This article summarises two papers that have used individual-based models (IBMs) to assess intervention strategies for measles, which give a flavour of the types of scenarios and questions for which IBMs have been used. Together, these two papers highlight that IBMs can have varying levels of complexity, should, where possible, be fitted to data, must be subject to thorough sensitivity analyses in the case of missing data, and can be very useful for the assessment of intervention strategies in specific times and places.
Individual-Based Models (IBMs) are suited to combine heterogeneous within-and between-host interactions and offer many opportunities, especially to analyse targeted interventions for endemic infections and to model host behaviour. We advocate the exchange of (open-source) platforms and stress the need for consistent terminology and model “branding”. IBMs come at a computational cost but offer a very powerful and flexible framework to analyse disease transmission in depth.
Individual-based models (IBMs) can be very useful for refining our mechanistic understanding of pathogen transmission and can help make inference about real-world epidemics, if based on real-world data. IBMs should not be discarded simply because they are complicated, have many parameters, or use assumptions. The type of inference made from an IBM should be closely tied to the data used to parameterize it.
Social mixing patterns can have an important effect on the spread of an infectious disease, and thus should be included in a model for the transmission of such a disease. Stride (a Simulator for the TRansmission of Infectious DisEases) is an open-source simulator for the transmission of infectious diseases. In Stride, the influence of age, context and type of day on social mixing patterns is explicitly modelled. After briefly introducing our model, we illustrate it by simulating the spread of Influenza in a synthetic population for Miami-Dade (Florida, USA).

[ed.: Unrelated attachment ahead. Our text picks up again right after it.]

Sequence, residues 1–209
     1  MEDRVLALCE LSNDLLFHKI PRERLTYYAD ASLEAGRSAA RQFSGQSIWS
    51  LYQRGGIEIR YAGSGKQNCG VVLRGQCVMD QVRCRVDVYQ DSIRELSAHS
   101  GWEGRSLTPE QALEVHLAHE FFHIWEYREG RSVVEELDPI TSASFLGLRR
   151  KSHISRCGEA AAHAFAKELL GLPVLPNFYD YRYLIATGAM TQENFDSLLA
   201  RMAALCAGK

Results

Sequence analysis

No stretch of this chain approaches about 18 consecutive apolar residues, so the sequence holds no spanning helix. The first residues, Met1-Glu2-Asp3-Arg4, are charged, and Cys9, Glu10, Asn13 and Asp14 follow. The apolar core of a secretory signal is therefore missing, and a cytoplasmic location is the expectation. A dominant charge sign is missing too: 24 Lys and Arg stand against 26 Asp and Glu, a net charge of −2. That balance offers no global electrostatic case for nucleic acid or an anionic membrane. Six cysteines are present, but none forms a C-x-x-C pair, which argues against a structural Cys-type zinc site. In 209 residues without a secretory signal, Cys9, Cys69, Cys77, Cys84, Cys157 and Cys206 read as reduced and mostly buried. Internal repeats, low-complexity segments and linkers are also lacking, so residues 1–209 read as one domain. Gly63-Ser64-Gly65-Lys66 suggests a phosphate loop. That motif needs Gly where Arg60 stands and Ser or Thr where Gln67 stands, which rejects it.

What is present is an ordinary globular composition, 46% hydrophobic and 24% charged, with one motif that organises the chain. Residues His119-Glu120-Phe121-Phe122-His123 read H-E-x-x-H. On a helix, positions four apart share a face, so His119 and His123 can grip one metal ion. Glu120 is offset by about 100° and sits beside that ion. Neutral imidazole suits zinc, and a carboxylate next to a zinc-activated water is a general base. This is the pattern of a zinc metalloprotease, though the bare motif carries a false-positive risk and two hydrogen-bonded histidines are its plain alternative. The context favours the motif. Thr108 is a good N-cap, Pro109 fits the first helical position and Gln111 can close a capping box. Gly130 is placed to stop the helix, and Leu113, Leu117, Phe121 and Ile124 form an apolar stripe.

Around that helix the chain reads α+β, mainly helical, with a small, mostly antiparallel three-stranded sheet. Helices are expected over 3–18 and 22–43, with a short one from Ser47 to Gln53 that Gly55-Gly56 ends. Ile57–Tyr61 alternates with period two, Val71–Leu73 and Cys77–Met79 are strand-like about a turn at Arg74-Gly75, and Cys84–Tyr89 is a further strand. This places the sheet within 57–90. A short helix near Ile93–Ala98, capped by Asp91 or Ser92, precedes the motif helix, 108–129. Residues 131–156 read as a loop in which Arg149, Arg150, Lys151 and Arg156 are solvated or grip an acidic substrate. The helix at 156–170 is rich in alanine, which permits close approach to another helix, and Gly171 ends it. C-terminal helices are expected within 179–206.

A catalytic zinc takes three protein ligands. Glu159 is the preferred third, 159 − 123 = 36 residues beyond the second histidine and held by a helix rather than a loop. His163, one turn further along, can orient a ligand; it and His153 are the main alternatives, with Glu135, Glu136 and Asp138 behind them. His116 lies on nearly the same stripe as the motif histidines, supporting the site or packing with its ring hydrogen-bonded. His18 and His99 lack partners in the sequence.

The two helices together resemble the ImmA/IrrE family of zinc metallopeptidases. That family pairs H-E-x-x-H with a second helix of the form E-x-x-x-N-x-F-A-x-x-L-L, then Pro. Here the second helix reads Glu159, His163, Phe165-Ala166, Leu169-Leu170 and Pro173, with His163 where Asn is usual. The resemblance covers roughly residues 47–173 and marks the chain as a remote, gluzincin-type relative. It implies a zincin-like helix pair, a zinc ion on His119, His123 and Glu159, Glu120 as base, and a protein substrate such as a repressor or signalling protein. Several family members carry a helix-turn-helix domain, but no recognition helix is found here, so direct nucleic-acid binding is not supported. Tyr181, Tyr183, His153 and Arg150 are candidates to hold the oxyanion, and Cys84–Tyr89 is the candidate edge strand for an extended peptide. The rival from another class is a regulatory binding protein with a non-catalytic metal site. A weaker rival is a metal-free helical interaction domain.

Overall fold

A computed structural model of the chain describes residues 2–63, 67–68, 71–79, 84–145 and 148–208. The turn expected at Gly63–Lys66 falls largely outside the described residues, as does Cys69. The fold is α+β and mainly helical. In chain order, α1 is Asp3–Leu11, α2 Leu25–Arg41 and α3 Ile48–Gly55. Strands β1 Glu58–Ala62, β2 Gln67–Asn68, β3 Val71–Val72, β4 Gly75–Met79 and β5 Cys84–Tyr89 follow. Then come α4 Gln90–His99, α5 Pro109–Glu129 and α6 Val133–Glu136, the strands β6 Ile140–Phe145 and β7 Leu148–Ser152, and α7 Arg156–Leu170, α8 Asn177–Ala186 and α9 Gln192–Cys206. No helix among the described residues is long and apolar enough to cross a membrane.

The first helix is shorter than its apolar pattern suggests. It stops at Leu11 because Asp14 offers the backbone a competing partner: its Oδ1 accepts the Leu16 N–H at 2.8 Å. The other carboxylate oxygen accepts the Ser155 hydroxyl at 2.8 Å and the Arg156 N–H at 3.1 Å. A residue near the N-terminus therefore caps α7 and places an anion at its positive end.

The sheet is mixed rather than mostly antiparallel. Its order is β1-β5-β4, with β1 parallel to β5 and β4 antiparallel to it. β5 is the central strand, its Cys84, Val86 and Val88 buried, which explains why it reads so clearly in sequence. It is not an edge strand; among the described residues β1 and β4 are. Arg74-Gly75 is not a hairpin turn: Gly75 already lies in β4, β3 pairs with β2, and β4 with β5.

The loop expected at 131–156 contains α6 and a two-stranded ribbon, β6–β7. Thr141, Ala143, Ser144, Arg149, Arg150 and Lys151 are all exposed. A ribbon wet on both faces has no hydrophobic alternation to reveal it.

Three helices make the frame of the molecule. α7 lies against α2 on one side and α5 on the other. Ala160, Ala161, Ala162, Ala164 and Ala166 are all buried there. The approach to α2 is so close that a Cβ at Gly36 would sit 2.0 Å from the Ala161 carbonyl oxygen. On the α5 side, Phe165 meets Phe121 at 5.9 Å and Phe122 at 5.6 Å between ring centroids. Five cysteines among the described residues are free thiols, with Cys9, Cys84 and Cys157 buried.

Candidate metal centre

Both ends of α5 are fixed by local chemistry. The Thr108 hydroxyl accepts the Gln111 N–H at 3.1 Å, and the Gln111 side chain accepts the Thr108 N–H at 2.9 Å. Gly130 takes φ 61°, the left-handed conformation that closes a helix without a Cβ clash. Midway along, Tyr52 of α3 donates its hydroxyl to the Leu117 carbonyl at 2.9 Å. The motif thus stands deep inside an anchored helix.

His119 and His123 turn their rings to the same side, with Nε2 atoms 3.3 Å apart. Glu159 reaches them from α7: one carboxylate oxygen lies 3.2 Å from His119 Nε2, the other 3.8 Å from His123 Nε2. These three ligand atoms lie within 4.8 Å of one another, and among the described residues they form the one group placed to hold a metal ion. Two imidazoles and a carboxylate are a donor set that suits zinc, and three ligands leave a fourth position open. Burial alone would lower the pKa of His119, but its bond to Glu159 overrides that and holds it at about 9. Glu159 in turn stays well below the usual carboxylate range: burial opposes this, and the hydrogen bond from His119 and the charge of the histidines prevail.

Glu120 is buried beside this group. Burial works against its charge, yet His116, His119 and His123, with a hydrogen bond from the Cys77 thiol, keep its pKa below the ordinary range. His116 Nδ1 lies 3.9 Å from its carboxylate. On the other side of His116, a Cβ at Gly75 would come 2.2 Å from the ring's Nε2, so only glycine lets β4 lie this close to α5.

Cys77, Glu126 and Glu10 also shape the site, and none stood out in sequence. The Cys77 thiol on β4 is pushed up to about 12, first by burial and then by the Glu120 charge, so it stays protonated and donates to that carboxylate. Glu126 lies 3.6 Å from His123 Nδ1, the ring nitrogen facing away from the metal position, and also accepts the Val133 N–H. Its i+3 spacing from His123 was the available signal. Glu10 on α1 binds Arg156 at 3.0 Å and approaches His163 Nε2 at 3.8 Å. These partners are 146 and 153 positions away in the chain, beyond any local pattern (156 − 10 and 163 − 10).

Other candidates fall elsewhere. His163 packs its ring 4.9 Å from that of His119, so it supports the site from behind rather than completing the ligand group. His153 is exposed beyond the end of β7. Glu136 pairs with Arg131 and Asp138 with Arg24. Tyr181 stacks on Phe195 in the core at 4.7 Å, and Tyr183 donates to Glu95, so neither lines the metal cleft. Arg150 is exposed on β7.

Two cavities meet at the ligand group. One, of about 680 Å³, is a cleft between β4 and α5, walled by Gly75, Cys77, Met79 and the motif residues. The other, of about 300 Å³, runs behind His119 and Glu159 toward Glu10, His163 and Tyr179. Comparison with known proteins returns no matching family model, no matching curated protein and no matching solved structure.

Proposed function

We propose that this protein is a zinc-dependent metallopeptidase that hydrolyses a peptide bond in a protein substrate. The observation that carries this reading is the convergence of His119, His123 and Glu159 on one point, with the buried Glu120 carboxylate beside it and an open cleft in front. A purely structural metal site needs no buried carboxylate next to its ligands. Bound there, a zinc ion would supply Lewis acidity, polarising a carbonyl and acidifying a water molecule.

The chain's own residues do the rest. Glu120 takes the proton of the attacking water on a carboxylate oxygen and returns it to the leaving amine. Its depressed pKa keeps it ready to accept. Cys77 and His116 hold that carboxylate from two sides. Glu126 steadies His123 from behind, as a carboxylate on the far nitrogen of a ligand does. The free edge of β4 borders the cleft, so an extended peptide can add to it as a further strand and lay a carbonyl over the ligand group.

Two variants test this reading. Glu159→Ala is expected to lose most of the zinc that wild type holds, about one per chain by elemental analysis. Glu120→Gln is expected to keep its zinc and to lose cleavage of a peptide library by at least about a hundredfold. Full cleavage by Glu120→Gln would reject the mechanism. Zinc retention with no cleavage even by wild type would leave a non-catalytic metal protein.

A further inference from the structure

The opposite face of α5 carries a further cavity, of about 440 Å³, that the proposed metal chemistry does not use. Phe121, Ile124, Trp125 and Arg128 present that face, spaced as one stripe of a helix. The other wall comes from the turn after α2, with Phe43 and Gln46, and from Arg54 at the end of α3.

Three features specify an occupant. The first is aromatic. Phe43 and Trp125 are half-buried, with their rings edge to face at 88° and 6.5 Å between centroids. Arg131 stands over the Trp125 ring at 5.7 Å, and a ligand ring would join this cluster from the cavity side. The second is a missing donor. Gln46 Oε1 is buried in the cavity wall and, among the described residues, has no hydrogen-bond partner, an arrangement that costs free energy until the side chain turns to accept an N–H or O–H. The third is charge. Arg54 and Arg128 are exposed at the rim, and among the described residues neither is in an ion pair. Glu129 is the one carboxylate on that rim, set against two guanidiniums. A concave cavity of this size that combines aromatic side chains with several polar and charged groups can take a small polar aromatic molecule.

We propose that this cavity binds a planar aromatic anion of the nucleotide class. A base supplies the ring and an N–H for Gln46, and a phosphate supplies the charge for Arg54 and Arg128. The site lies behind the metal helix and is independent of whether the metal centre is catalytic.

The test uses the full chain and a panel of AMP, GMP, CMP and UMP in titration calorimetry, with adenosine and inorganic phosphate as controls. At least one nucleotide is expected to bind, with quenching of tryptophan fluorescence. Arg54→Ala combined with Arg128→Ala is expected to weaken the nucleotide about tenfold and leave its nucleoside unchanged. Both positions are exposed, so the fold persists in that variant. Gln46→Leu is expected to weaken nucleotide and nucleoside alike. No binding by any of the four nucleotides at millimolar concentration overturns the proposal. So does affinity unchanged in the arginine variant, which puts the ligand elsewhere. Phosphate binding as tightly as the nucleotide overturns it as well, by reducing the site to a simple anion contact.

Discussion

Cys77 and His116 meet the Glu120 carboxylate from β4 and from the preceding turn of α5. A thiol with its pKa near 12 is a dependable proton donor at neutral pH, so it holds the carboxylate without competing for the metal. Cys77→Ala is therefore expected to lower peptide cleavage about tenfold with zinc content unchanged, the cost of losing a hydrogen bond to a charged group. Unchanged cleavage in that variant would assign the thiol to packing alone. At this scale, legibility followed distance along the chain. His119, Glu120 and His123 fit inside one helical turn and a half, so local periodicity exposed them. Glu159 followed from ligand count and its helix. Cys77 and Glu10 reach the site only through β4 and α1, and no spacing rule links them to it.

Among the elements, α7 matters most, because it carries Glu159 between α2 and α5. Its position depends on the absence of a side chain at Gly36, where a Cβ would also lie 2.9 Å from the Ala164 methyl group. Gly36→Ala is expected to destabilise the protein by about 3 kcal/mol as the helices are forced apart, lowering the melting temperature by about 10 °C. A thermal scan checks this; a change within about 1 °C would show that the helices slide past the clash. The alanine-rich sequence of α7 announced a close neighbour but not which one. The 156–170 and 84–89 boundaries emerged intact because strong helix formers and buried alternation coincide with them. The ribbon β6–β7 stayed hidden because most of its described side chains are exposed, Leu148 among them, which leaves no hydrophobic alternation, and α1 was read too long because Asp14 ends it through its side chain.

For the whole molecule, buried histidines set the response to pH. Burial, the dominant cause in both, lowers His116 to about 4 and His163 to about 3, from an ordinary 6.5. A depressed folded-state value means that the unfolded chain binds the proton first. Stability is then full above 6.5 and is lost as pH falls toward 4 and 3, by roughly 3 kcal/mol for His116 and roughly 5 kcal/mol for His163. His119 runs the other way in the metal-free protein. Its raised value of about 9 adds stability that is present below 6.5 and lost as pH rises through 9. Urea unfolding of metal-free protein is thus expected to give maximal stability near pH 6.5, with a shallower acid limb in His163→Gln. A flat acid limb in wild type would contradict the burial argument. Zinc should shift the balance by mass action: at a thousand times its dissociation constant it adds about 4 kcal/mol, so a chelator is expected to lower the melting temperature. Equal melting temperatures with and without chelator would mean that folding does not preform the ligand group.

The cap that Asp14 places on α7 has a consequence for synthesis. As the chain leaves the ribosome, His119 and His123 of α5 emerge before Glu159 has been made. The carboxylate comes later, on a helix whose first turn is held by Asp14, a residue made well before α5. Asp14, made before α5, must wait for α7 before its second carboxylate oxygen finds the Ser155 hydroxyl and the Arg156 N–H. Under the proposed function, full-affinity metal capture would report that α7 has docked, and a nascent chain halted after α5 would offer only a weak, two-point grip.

Mathematical models are often used to gain theoretical insights into the epidemiology of sexually transmitted infections (STIs) and to inform policy around the prevention and treatment of STIs. Yet these models differ greatly in the assumptions they make, and can sometimes produce vastly different estimates of the likely impact of STI control programmes. So which modelling approaches are most realistic? How much bias might we be introducing with certain simplifying assumptions? This article summarises a recent paper that attempted to address these questions by comparing two broad modelling approaches: deterministic, frequency-dependent models and individual-based, network models.
Sacema will expand its team in 2018. We are looking for mid-career researchers with doctoral degrees in a quantitative field and substantial experience in epidemiological modelling, study design, and data analysis. Areas of particular interest include TB, outbreak response, and emerging infections.
Sacema will organise a practical introduction course to Individual-based Modelling in Epidemiology in May 2018. Postgrad students, postdocs and health science professionals whose work potentially involves the design and/or use of individual-based models in epidemiology are invited to attend.
The main contributions in this edition of the Quarterly give us a good indication of the kinds of questions that warrant modelling, and with which non-modellers can also better engage if they are willing to at least frame their thinking explicitly in model-like terms.
Recent years have seen increasing recognition of the importance of canine rabies to human health: the scientific community has increasingly embraced dog rabies as an interesting and important field of study, and the public-health community has ramped up control efforts, leading to striking control successes, particularly in the Americas. This article discusses a series of papers published from 2007 based on ground-breaking work on tracing canine rabies in Tanzania, as well as analyses of data from other parts of the world.
Human cells have a finite lifespan (Hayflick limit). The existence of this Hayflick limit with regards to immune cells known as T cells, implies that infections have a long-term immunological cost (IC) to the individual because they drive immune cells towards the end of their lifespan, eventually making most of those cells unavailable to respond to other infections. The development of an accurate IC measure will lead to a better predictor of the age of the adaptive immune system than chronological age.